Dom Phillips

Veteran foreign correspondent Dom Phillips (center) talks to two indigenous men in Aldeia Maloca Papiu, Roraima State, Brazil, on November 16, 2019. (Photo: Joao Laet/AFP via Getty Images)

'Extremely Concerning': Indigenous Expert, British Journalist Missing in Brazil

"Journalists reporting on Indigenous issues are doing critical work, and must be able to do so without fearing for their safety," asserted one advocate.

Human rights and press freedom defenders on Monday called on the Brazilian government to do everything possible to find an Indigenous activist and a British journalist after the pair went missing in a remote area of the Amazon rainforest just days after receiving threats.

The Guardianreports Bruno Araujo Pereira, a former Brazilian government official tasked with protecting the country's uncontacted tribes, and longtime Guardian contributor Dom Phillips were last seen over the weekend in the Javari region of Amazonas state. According to the British paper, Pereira has long received threats from the loggers and miners seeking to invade and exploit Indigenous lands.

Responding to the news, Greenpeace Brazil tweeted that it is "urgent" that the Brazilian government--including the Ministry of Justice and Federal Police--"mobilize all their resources in the search" for the missing pair.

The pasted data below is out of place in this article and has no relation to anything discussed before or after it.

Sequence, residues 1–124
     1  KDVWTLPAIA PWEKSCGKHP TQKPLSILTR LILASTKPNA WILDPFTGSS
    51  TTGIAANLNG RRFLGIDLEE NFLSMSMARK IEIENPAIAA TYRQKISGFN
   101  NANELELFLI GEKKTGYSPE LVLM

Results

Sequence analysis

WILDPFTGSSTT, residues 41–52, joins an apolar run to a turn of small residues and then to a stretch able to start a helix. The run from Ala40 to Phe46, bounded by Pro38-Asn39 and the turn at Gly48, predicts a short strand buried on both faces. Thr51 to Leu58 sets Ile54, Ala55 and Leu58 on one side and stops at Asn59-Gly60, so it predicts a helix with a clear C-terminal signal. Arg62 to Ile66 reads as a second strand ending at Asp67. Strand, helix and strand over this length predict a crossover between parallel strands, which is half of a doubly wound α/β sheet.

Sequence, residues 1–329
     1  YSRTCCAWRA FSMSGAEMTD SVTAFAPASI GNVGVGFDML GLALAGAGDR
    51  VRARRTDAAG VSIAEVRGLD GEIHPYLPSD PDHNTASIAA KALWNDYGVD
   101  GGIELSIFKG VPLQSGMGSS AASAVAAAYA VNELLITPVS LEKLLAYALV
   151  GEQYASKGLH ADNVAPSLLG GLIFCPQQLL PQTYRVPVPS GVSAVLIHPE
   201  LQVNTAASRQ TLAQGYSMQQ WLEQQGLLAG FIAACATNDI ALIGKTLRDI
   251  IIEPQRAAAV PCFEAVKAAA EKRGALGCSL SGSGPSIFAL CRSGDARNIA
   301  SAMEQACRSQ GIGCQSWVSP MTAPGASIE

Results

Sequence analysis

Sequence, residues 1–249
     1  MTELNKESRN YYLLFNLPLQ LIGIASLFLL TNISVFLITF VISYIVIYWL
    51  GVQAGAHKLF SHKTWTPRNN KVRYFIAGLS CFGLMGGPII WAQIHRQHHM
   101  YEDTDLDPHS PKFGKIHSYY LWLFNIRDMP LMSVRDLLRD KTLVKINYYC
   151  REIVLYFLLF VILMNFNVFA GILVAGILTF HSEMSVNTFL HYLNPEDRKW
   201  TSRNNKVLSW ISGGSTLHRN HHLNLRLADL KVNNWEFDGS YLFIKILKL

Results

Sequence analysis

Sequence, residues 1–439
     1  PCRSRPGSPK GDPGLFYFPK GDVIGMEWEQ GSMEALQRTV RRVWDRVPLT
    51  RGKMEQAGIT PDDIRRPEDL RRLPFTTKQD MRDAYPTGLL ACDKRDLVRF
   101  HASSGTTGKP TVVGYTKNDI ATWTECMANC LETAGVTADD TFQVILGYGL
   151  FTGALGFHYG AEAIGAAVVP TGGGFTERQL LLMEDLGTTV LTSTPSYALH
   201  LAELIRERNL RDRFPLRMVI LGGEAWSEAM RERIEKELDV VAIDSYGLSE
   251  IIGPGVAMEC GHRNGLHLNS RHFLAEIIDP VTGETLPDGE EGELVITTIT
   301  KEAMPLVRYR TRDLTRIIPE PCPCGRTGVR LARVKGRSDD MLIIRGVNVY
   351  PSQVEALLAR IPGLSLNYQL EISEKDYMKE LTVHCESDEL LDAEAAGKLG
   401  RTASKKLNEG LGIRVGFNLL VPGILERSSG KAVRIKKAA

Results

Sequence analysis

"The disappearance of British journalist Dom Phillips during a reporting trip in the Brazilian Amazon is extremely concerning, and Brazilian authorities must work to locate him and his traveling companion, Indigenous issues expert Bruno Pereira, immediately," said Committee to Protect Journalists program director Carlos Martinez de la Serna in a statement. "Journalists reporting on Indigenous issues are doing critical work, and must be able to do so without fearing for their safety."

Pereira is a veteran Indigenous rights protector who previously worked for the National Indian Foundation (FUNAI), a federal agency. Phillips has reported on the threats posed by illegal miners and cattle ranchers to uncontacted Indigenous peoples in the Javari Valley.

Amazonas Gov. Wilson Lima--who is also a journalist--tweeted that "we are making the state available to support the searches and investigations into the disappearance" of Pereira and Phillips. "We're sending agents to the scene and we'll do what we can to find them."

Violence against Indigenous peoples in Brazil has surged during the administration of right-wing President Jair Bolsonaro, who has called himself "Captain Chainsaw" due to his policies of economic exploitation of the Amazon and other ecosystems.

A series of Bolsonaro-backed bills that critics have dubbed the "package of destruction" is currently advancing in the country's National Congress. If passed and signed into law by the president, they would allow mining on Indigenous lands, relax restrictions on the use of pesticides, and, according to opponents, open the door to even more illegal logging and land seizures.

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